Remarkable, exceptional, fabulous, eye-opening, romantic, and on and on and on – our honeymoon was PERFECT. We took a Mediterranean cruise, and I’d do it again in a heartbeat. Here are the cities we visited, with (very) short description of our stay there:
- Venice, Italy. Stayed overnight in Hotel Arcadia; wandered around before the rest of the city woke up; ate an Italian breakfast at our hotel.
- Dubrovnik, Croatia. Walked the city walls; ate gelato; went shopping for souvenirs.
- Kusadasi, Turkey and Ephesus. Took a full day tour of the ruins of Ephesus; visited the House of the Virgin Mary and the ruins of St. John’s Basilica; ate traditional Turkish foods in a buffet; watched a rug-weaving demonstration; tried to avoid street vendors and pushy salesmen.
- Santorini, Greece. Rode donkeys up the cliff; wandered around Fira; took a bus to explore the city of Oia; lounged and swam at the black-sanded Ammoudi Beach.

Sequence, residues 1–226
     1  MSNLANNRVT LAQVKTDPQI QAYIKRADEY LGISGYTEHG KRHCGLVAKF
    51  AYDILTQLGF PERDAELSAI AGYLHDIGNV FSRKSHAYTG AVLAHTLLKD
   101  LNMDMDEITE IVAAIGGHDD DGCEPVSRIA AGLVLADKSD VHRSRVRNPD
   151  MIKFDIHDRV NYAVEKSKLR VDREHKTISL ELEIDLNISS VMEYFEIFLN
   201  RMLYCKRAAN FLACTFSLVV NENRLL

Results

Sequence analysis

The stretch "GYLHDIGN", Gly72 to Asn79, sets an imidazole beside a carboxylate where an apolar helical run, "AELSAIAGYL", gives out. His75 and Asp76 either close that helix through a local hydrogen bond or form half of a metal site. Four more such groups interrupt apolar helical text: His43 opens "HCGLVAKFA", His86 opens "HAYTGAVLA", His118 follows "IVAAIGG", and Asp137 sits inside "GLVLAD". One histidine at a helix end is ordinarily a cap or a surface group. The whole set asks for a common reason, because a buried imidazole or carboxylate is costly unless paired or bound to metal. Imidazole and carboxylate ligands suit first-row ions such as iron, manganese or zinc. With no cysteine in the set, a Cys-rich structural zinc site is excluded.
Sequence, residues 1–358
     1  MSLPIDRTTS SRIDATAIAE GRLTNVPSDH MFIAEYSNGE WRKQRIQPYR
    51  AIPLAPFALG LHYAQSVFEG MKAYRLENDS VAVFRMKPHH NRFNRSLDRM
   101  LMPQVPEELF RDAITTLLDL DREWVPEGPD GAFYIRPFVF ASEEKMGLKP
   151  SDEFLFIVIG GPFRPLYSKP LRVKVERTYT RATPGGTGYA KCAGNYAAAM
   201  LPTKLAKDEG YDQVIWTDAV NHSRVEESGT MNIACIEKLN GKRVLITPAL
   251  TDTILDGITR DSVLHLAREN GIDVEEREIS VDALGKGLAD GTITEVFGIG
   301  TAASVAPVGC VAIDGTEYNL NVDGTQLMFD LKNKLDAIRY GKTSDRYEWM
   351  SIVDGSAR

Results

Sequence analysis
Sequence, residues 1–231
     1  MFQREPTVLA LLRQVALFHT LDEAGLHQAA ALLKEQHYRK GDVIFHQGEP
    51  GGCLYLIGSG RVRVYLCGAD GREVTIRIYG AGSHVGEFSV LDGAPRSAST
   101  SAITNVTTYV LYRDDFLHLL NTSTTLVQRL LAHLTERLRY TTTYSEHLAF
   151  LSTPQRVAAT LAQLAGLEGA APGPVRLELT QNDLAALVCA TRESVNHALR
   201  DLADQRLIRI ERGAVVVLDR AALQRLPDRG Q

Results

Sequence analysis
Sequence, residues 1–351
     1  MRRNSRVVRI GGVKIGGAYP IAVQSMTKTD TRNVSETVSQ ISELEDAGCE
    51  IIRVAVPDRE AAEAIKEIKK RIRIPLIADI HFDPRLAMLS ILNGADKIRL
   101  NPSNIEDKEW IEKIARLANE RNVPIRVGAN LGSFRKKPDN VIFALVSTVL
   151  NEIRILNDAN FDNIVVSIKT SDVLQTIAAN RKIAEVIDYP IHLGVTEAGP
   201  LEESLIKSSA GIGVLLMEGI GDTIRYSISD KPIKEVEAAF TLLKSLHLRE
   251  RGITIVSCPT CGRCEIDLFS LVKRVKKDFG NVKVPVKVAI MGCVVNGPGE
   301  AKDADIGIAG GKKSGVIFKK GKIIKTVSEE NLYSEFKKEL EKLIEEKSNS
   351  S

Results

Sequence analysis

- Corfu, Greece. Walked to Corfu Town; shopped for souvenirs; ate ice cream and a gyro; swam at the beach.
- Padua, Italy. Toured the Basilica of St. Anthony; went on a guided tour of the city.
- Manchester, England. Took the train into the city; sat in a cafe and people-watched Sky Ride (bicycle event); went to the art museum; walked around the city.
We had all of the fun we planned and then some – visiting Manchester wasn’t originally in our plans. We were originally scheduled to have a long layover there, but there wasn’t quite enough time to actually do anything (aside from sleep in our hotel room). As we prepared to check in for the long flight to Chicago, we were approached by an American Airlines employee – the airline needed someone to volunteer to wait to fly another day, as the flight was overbooked. Both being educators with a lengthy summer holiday, we weren’t racing home to get back to work, so we agreed. American Airlines paid for our hotel room, meals, bumped us up to first class the following day (absolutely incredible experience, by the way), and gave us each a $500 voucher for a future flight. Our honeymoon was extended by a day, so we got to go into the city of Manchester. What a great surprise ending to a fantastic trip!